In 1951, Oliver Brown challenged the segregation of schools in Topeka, Kansas. The case reached the national stage with the help of NAACP chief counsel Thurgood Marshall (later a Supreme Court Justice).
The Supreme Court combined five cases — Brown itself, Briggs v. Elliot, Davis v. Board of Education of Prince Edward County (Va), Bolling v. Sharpe, and Gebhart v. Ethel — for rehearing in 1954. Associate Justice Felix Frankfurter reargued the cases.
History of Segregation
The Supreme Court’s decision in Brown discredited the legal rationale for segregation, opening the door for the desegregation of housing, public accommodations, and institutions of higher learning. It gave hope to millions of Americans and enabled the Civil Rights Movement to advance.
Even so, the impact of Brown was not immediate. Segregation continued to persist, though the level of segregation shifted. Rather than being geographically defined, segregation became more micro-level, as neighborhoods within cities and towns were grouped by race. Segregation still existed, but it was no longer the legally sanctioned practice that it had been in the 1950s.
In the years following Brown, the NAACP launched a series of lawsuits against school districts nationwide. The cases were complex, and Thurgood Marshall recruited the country’s best lawyers.
One of the critical arguments that lawyers made was that the segregation that remained rarely, if ever, produced equality.
The Court was divided over the case, with the majority believing that the Constitution gave them the power to order the end of segregation. At the same time, the judicial restraint faction thought otherwise.
Origins of the Case
In 1950, Oliver Brown, a black church pastor living in Topeka, Kansas, tried to enroll his daughter Linda at Sumner Elementary School, only to find out it was a white school. He then had to take her by bus to a segregated black school further away, a situation that twelve other families in the area shared. Together, they filed a class action lawsuit in federal Court against the local public schools board, arguing that their segregation policy was unconstitutional.
The Supreme Court granted the plaintiffs in the case a unanimous ruling. This was a result of a hard-fought, multi-year campaign by Charles Hamilton Houston, Dean of Howard Law School and founder of the Legal Defense Fund (LDF), and his star pupil, Thurgood Marshall—who would later become LDF’s first Director-Counsel and a U.S. Supreme Court Justice.
Despite this, there is still some debate about the impact of the Brown v Board of Education decision. Most scholars agree that while Brown v. Board of Education did not directly lead to school desegregation in the decade following its ruling, it served as a crucial inspiration for the Civil Rights Movement and helped to fuel the passage of Civil Rights legislation in the 1960s. However, a smaller group of scholars believe that the Civil Rights Movement would have emerged regardless of Brown and that it was not a necessary precursor to ending legal segregation.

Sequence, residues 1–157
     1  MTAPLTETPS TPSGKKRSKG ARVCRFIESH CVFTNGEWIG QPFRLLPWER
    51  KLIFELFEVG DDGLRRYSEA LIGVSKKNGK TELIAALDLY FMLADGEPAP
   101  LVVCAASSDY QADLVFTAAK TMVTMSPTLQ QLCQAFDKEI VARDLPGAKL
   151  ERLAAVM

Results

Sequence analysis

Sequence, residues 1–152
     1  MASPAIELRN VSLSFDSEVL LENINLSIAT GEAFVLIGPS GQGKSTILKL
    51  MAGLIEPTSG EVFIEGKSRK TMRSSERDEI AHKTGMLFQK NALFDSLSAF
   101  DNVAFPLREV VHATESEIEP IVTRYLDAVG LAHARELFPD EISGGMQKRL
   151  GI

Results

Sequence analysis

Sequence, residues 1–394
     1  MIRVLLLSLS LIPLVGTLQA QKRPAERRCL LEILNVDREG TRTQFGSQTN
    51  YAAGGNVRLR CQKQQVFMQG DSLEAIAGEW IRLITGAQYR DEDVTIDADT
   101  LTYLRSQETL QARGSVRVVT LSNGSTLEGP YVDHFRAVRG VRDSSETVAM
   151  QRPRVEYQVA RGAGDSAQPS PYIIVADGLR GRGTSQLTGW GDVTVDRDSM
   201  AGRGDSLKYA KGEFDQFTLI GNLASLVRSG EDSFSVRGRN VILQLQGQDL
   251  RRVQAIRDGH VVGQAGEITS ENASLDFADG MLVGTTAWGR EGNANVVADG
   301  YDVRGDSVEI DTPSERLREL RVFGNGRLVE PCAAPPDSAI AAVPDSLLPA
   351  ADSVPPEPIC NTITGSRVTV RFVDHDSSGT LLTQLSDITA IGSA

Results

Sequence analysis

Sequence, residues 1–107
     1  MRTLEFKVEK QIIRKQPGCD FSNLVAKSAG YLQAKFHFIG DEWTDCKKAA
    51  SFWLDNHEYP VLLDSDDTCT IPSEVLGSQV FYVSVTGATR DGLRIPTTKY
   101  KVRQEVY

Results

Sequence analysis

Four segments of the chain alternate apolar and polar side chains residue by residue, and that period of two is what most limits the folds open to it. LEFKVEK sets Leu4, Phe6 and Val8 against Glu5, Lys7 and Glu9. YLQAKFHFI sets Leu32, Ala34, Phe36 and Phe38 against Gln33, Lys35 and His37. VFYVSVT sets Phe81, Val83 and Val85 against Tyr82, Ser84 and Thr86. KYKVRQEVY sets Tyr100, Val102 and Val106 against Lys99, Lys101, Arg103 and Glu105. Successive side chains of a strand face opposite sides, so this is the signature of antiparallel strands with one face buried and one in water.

Appeals to the U.S. Supreme Court
The decision to desegregate schools was one of the most significant decisions made by the Supreme Court. The case resulted from the efforts of Charles Hamilton Houston and Thurgood Marshall, attorneys with the NAACP’s Legal Defense Fund, who had worked on school segregation cases since the 1930s.
One thousand nine hundred fifty-two, the Supreme Court consolidated five class-action school segregation suits to hear Brown. The cases that challenged the constitutionality of segregation were Briggs v. Elliott, Davis v. County School Board of Prince Edward County in Virginia, Gebhart v. Belton in Delaware, and Bolling v. Sharpe in Maryland. The Supreme Court ruled in favor of the plaintiffs, stating that segregation violated the equal protection clause of the Fourteenth Amendment.
Despite the victory, the decision did not immediately lead to school desegregation. Some counties began to integrate in response to the ruling, but many elected officials and school boards resisted. They hoped to delay the integration process until the Civil Rights Movement gained momentum.
While scholars differ about how impactful the decision was, most agree that it catalyzed to end the legal segregation of American schools. It led to the Civil Rights Movement and the passage of civil rights legislation in the 1960s. The backlash after Brown — including racist politicians avoiding the implementation of the decision and racist organizations like the White Citizens Councils attempting to uphold Southern segregation — is often cited as a significant factor in the civil rights movement’s eventual success.
Many scholars have agreed that Brown v Board of Education was an important milestone in American history. Although it did not immediately end segregation, it did provide momentum for the Civil Rights Movement, allowing many families to take up the fight to desegregate schools and other institutions like libraries, hospitals, and churches. In addition, it put the Supreme Court on the side of racial equality and gave the Civil Rights Movement a powerful legal tool in the fight against legal segregation.
In the aftermath of Brown, the Supreme Court consolidated it with three other class action school segregation cases. These cases, like Brown, challenged the constitutionality of segregated schools because they violated the Equal Protection Clause of the Fourteenth Amendment.
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